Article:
Incoming freshmen have always had Google

The class of 2019 never licked a postage stamp, see Wi-Fi as an entitlement, and have always watched television in such high definition that the pores of actors and grimaces of quarterbacks were clearly visible.

IMG_9409Those observations — and that Jacques Cousteau and Mother Teresa did not live in their lifetimes — highlight the 2019 Beloit College Mindset. The list is the brainchild of the college’s Ron Nief and Tom McBride and for years was shared with UCCS faculty and staff by Charlie Shub, professor emeritus, College of Engineering and Applied Science.

While no one expects Bob Dylan’s music to be reverberating off the walls in freshman residence halls, the list serves as reminder that the times, they are a-changing. The list’s pithy examples show the differences in experiences of the current generation from their predecessors, often fueled by time and technology.

“Hmmm,” Michele Companion, associate professor, Department of Sociology, and a Gateway Program Seminar instructor said after reviewing the list. “It’s sad to think that they grew up in a world without Jacques Cousteau. He had a profound impact on my life.”

Examples from this year’s list of observations about entering college students, many of whom were born in 1997, include

  • Among those who have never been alive in their lifetimes are Princess Diana, Notorious B.I.G., Jacques Cousteau and Mother Teresa.
  • Hybrid automobiles have always been mass produced.
  • Google has always been there, in its founding words, “to organize the world’s information and make it universally accessible.”
  • They have never licked a postage stamp.
  • Email has become the new “formal” communication, while texts and tweets remain enclaves for the casual.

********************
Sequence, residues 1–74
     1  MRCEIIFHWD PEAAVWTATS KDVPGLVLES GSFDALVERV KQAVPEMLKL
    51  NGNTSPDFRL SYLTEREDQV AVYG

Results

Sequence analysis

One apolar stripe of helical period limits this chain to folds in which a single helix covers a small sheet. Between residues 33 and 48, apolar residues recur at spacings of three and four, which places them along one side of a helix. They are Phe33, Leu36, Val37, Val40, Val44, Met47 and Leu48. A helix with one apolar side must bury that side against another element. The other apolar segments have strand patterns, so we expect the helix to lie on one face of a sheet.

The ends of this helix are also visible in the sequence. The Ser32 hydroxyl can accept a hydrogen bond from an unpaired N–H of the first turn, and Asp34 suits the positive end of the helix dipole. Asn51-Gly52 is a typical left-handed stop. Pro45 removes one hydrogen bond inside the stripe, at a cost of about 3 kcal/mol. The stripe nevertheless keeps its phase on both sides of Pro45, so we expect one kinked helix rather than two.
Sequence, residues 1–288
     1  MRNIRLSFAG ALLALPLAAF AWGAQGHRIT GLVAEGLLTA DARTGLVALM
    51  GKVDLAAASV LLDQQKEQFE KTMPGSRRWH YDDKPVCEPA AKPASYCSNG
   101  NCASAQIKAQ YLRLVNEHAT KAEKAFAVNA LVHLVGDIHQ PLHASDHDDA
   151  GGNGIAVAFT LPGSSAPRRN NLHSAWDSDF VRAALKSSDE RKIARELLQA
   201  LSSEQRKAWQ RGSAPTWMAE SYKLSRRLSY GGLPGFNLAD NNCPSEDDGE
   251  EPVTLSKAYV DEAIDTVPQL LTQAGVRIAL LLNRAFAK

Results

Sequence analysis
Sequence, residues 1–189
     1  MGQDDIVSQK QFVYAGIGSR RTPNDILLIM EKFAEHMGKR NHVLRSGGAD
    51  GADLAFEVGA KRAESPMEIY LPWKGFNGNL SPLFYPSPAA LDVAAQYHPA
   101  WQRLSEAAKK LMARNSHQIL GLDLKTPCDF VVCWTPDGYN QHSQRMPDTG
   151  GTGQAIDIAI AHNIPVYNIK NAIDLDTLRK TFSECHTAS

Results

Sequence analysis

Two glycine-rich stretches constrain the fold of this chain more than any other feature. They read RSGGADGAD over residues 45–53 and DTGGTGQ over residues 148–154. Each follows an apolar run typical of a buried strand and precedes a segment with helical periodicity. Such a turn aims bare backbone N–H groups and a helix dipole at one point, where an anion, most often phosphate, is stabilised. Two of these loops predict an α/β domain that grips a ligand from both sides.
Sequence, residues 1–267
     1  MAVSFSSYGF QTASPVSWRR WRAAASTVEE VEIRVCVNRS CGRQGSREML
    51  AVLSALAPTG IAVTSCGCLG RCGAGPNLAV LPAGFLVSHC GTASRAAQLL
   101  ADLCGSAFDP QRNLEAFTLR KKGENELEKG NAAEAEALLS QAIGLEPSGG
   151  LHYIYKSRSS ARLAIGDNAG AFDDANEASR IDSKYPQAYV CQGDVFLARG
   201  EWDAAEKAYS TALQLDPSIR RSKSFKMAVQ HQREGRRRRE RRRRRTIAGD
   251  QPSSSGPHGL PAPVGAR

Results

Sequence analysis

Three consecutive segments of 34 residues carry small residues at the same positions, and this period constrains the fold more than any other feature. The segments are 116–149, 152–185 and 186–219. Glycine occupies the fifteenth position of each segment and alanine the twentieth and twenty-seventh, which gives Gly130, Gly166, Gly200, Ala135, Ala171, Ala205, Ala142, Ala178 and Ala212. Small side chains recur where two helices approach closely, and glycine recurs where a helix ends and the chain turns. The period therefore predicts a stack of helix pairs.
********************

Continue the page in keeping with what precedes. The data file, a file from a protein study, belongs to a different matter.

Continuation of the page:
• Four foul-mouthed kids have always been playing in South Park.
  • They have grown up treating Wi-Fi as an entitlement.
  • The announcement of someone being the “first woman” to hold a position has only impressed their parents.
  • “No means no” has always been morphing, slowly, into “only yes means yes.”
  • Cell phones have become so ubiquitous in class that teachers don’t know which students are using them to take notes and which ones are planning a party.
  • If you say “around the turn of the century,” they may well ask you, “which one?”
  • They have avidly joined Harry Potter, Ron, and Hermione as they built their reading skills through all seven volume
  • When they were born, cellphone usage was so expensive that families only used their large phones, usually in cars, for emergencies.
  • The therapeutic use of marijuana has always been legal in a growing number of American states.
  • Teachers have always had to insist that term papers employ sources in addition to those found online.
  • Mr. Jones and Mr. Smith have always been Men in Black, not their next-door neighbors.

To see the complete list, as well as commonly used expressions that are baffling to parents, older friends and teachers, visit

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